Guest Author - Connie Krochmal
Fragrance is a wonderful thing in cut flowers, which gives us even more reason to grow fragrant flowering bulbs in our cutting gardens.
Also known as Abyssinian gladiolus or gladixia, these are lovely summer blooming bulbs. The stems make stunning cut flowers, and are often used for summer bouquets. Apart from their intriguing beauty, they also offer a wonderful fragrance. Their vase life is comparable with that of gladiolus, about ten days or so.
While the leaves of this bulb may look like those of the gladiolus, the flowers are quite different. The unique arrangement of the petals gives this an orchid-like appearance. The white petals are beautifully accented with deep red centers. These open on stems that reach 2˝ feet in height. Each bulb will have around eight or so flower stalks.
Like gladiolus, these are only winter hardy in warm climates, zones seven through nine. Elsewhere, they are treated as summer bulbs and lifted for storage during the winter months. These are resistant to deer.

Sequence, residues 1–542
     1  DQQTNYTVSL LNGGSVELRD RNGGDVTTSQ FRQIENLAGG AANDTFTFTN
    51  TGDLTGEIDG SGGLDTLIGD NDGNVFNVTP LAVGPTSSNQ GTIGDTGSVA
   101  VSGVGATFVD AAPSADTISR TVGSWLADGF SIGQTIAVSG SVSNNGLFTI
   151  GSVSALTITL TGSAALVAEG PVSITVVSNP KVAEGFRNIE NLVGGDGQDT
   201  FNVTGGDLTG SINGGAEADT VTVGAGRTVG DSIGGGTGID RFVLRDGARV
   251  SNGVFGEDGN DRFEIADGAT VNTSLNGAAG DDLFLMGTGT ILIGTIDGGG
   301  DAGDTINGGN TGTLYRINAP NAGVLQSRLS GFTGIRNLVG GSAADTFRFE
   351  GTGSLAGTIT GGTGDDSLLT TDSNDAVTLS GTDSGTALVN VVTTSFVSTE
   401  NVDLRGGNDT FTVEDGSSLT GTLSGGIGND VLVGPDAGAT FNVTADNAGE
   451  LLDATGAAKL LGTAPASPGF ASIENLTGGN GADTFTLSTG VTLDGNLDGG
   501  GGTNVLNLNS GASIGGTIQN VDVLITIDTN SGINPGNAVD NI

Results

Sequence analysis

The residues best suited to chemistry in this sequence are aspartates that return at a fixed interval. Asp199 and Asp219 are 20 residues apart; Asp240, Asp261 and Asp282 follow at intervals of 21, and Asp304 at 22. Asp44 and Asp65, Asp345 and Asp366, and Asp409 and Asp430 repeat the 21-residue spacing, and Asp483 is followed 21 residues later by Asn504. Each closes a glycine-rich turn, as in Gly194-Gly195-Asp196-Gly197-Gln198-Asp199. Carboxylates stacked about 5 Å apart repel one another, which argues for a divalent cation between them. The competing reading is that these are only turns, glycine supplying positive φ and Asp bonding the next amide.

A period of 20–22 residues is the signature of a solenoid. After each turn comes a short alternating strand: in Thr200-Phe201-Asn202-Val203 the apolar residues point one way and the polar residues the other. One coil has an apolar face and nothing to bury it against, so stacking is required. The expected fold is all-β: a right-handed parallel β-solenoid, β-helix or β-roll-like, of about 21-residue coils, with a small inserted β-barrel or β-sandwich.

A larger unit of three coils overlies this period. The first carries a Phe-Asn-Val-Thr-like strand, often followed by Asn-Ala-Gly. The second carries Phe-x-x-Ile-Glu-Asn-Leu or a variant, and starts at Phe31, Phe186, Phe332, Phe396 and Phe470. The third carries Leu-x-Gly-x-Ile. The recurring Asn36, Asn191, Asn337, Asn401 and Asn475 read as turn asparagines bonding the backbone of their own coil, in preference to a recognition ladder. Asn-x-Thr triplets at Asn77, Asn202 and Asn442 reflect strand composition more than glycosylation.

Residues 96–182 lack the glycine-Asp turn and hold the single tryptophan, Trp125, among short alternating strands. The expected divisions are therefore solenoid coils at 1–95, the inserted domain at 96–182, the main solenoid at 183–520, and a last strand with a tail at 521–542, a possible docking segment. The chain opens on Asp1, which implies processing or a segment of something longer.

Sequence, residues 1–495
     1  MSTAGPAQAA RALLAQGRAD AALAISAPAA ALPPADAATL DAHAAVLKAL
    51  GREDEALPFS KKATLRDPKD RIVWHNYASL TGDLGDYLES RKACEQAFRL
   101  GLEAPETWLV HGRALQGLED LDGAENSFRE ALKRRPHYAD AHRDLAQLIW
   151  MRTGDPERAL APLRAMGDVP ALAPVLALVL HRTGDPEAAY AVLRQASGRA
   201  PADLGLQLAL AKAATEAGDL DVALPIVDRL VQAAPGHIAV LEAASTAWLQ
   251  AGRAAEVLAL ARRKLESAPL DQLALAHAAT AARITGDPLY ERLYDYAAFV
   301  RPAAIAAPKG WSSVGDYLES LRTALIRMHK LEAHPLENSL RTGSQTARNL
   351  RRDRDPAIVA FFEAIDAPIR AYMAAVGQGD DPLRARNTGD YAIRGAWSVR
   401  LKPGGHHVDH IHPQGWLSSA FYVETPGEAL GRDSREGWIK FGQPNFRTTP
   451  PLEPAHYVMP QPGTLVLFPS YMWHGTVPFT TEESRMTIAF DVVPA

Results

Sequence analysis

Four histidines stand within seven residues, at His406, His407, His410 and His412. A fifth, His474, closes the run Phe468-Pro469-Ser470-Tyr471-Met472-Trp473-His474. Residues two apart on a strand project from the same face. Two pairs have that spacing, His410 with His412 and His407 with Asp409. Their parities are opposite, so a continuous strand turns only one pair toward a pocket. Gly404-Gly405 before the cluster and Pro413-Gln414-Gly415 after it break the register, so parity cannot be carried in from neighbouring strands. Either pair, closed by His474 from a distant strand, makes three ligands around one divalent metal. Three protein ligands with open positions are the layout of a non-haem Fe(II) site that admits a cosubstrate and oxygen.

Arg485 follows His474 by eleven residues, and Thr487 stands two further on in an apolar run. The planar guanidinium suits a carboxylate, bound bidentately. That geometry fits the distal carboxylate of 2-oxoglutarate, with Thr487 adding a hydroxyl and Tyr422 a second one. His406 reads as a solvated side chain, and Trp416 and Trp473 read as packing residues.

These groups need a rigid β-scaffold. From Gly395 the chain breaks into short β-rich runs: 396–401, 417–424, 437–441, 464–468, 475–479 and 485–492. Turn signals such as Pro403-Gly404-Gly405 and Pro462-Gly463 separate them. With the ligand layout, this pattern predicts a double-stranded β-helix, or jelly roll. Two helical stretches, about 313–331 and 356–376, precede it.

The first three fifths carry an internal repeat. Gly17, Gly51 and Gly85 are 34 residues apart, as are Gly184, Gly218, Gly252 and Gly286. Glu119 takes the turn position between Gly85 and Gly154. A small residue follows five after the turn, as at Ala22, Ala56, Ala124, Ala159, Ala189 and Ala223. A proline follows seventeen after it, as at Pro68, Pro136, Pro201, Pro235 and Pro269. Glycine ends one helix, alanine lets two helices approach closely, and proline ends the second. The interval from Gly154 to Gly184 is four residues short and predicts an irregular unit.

Freesias are one of those tender bulbs that are well worth growing for cut flowers. They have a vase life of about seven to ten days. These are used as filler flowers and form flowers. They are especially popular for weddings.
One reason the flower is so well loved is partly due to its wonderful fragrance.
There are both single and double flowering varieties. The color range is quite broad, including white, all sorts of pinks, red, yellow, orange, and purples. Some have intriguing veins or stripes on the petals.
Freesia stems reach about two feet in height. The blooms open in little bunches towards the top of the flower stalks. These are winter hardy in zones eight and nine. Elsewhere, they’re treated as tender annuals. The plants do well in full sun, and partial shade. They are resistant to deer.
Blooming in mid-summer, this resembles a hyacinth stem. Pineapple lily stems are used as a mass and line flower.
At the very top are some small leaves, which give the flower spike a pineapple-like appearance.
The pink, star-shaped blossoms are small. But, they’re so numerous they completely cover the upper portion of the stem. They have a scent that is reminiscent of coconut. The stems grow to about 1˝ feet in height.
These bulbs are only hardy in warmer areas, zones seven through ten. Elsewhere, they can be grown as an annual or tender bulb by digging and lifting them in the fall. They do best in full sun and partial shade. These are unbothered by deer.